The end of my second year at Georgia Tech was approaching, and the time had come to decide about my graduate program. My interest in learning the scientific truth about the age of the earth was stronger than ever. And so was my conviction that radioactive halos might be the key to unlock that truth. At the same time, the physics department chairman remained firm that research on radioactive halos was not an acceptable thesis topic for my doctoral degree; so I left Georgia Tech at the end of that academic year and spent the summer of 1964 doing independent research on halos, using my own funds. (Fortunately, my wife was in total agreement with this decision.) Savings and borrowed funds do run out, though, and that fall I became a substitute high school math teacher in the Atlanta area.
The A, B, C, and D Halos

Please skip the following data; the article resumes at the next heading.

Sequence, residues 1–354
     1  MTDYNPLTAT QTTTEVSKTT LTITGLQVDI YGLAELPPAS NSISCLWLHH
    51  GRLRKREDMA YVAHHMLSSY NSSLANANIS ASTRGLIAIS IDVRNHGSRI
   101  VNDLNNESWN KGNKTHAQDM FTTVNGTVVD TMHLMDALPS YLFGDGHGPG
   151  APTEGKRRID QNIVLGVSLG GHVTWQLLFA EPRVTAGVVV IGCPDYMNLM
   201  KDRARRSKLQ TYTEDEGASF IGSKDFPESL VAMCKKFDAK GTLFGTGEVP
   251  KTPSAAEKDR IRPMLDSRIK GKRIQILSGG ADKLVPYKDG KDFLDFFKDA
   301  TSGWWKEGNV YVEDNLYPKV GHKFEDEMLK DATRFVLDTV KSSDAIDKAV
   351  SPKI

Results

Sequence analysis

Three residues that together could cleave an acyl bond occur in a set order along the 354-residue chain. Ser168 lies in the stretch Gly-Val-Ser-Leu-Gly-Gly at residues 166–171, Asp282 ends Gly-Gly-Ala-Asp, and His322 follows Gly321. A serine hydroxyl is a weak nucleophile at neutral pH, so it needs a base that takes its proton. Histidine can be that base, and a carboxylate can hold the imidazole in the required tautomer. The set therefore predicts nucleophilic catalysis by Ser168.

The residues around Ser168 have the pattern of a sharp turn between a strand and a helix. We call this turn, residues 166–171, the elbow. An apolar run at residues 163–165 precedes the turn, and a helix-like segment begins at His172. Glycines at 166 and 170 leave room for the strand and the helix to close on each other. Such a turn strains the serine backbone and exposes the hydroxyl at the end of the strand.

In addition to the uranium (and thorium) halos, Henderson had reported four other types which he designated as simply A, B, C, and D halos. Along with searching for perfect uranium halos, my attention focused on the D halos. Under the microscope this halo type appeared as a uniformly colored disk with a somewhat fuzzy periphery. It was only about half the size of a fully developed uranium halo; yet it much resembled a uranium halo in an early stage of development when only the inner rings are visible. I became curious about Henderson's tentative association of this halo type with an isotope of radium having a half-life of about 1,600 years. (Figures 1.1 and 1.3 show where this isotope, 226Ra, fits into the uranium decay chain.) The micas in which the D halos had been found were thought to be so old that all the original radium should have died away; only the stable end product was thought to remain in the centers. Henderson claimed the radioactivity in the D halo centers halos should be dead, or "extinct." However, no one had shown this was true, and I decided it was worth investigating. Who knew? Perhaps some new information about the age of the earth would present itself in the process.